Three Pillars of Anglicanism.

If I were going to preach a traditional sermon, then I might tell you that  Matthew 13. 1-9, 18-23 displays the three pillars of Anglicanism. Scriture. Tradition. Reason.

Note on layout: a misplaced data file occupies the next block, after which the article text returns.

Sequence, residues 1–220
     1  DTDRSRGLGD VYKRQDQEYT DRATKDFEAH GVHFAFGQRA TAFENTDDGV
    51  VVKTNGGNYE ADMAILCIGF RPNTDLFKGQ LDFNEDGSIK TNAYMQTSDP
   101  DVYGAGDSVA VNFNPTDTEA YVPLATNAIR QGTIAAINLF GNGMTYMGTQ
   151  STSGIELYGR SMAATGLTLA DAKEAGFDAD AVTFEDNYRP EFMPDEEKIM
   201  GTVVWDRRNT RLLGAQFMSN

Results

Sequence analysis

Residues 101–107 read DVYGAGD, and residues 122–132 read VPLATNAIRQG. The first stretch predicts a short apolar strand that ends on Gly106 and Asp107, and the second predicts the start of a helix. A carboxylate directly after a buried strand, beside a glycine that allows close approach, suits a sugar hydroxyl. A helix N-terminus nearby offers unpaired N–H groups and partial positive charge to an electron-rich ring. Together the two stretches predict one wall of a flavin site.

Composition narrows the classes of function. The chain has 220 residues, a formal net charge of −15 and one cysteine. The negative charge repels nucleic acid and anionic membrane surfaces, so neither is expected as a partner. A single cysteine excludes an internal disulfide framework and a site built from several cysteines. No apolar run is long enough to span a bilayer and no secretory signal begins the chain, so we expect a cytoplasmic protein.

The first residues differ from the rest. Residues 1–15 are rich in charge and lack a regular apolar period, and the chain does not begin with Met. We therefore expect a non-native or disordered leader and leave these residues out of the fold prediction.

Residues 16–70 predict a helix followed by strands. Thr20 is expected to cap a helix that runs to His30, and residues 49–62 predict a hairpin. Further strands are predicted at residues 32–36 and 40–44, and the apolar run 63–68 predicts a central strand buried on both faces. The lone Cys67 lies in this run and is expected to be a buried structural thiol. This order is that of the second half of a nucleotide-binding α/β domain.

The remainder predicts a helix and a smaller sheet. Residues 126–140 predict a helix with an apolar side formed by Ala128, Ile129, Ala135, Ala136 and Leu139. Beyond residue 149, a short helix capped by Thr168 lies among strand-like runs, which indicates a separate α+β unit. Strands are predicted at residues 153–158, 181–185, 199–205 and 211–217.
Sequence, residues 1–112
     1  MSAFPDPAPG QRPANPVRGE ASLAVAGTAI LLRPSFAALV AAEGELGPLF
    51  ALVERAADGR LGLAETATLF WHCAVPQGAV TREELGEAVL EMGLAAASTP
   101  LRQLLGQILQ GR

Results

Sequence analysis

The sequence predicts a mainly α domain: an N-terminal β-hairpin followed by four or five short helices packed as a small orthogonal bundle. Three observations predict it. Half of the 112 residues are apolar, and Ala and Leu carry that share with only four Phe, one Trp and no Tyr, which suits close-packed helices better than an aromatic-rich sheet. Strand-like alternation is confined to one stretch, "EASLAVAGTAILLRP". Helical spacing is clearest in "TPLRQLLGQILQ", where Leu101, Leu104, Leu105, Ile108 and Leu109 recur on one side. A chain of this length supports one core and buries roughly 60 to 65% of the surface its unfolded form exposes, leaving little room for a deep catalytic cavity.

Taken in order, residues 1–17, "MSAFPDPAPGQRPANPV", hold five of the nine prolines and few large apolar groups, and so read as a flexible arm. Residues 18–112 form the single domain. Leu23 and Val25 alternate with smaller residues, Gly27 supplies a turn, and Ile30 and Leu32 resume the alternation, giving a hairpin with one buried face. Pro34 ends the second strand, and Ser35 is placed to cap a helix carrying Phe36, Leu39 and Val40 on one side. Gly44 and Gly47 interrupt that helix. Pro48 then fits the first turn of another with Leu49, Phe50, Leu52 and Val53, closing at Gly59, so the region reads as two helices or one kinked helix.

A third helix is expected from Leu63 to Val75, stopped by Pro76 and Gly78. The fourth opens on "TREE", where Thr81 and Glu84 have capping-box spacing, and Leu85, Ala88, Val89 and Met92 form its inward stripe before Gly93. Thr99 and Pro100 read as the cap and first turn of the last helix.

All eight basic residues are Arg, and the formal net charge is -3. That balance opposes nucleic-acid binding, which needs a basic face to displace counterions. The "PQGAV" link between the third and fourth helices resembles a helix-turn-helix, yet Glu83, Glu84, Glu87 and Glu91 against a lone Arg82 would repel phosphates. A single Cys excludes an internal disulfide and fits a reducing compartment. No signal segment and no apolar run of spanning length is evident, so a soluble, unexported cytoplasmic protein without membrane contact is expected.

But I don’t often preach traditional Sermons. I do want to talk about seed, soil and roots which are I suppose the same thing as Scripture, Tradition and Reason. Yesterday was St. Swithin’s day. And the film which came out of the box last night was One Day – because it is only the events of St. Swithin’s day that we get to see. One day each year for twenty years. It is a beautiful film with a wonderful soundtrack. If we believe st. Swithun’s lore we can expect another forty days of mist and rain. as the proverb goes: St Swithun’s day if thou dost rain For forty days it will remain St Swithun’s day if thou be fair For forty days ’twill rain nae mare Or: If on St Swithun’s day it really pours You’re better off to stay indoors. But I’ve not mentioned the film to talk about the weather. It’s a film about seed, soil and roots and it is written how we read our gospels – in snapshots. This is much how our Gospels are written, dipping in and out of the events and lives of Jesus and his companions.  In One Day we move from terrible London flats smelling of onions to awful post university jobs in restaurants and television.  From meetings in France to returning to the family home. From difficult conversations with parents to distant answer phone messages.  Missed calls and missed opportunities.  From new jobs, to new boyfriends.  From bad jobs to car crash employment.  Terrible live television to all star school plays.  Rows in restaurants to dead end relationships.  Break downs and making up to put downs and pick me ups.  By the end we are left with two people who we know so very well and who ought to be so very right for one another.  They are comfortable with each other, though not always comforting.  Our patience with their painfully slow coming together is rewarded with a romantic liaison in Paris, the wedding, plans for children of their own.  The dream is unfolding, and then, we ought to expect it as in many romantic stories but we don’t, it is cut short. Where there was a comforting voice there is now silence.  Where there was a companion there is now an empty chair.  Where there was a loving caress there is nothing.  And our Gospels have taken us on a whirlwind snapshot tour from a backstreet birth, refugees travelling the road, baptisms, weddings, funerals, confrontations, healings and reconciliations. The seed is planted at the beginning and it takes time to develop. It needs to put down roots in order to be fed, and it needs a heart of understanding, the soil, for it to be truly grounded. Eventually the film One Day brings us to that place where the heart is ready, the roots are sure and the seed has matured. Is it too late for Dexter and Emma each st Swithun’s day to flourish? Is it too late for us to fall in love again with the story of Jesus. We don’t fall in love with an idea, we fall in love with a person, we take them into our heart and let the roots go deep down. Therein lies our problem. And the film one day offers a solution… We have to live as if Jesus were still here as if he were around the next corner, in the face of the stranger, the friend, those at our work, in our homes. We need to fill in the gaps for ourselves taking the cues from the seeds of scripture we have and building a picture of the kingdom that Jesus taught. This is our tradition. At its best it provides the roots we need to be strong, but without a heart in which to plant, we have nothing to grow. Our challenge is to begin afresh with the seed once again, for sadly it has lay dormant in soil which has had no great depth and with roots which have often been cut off.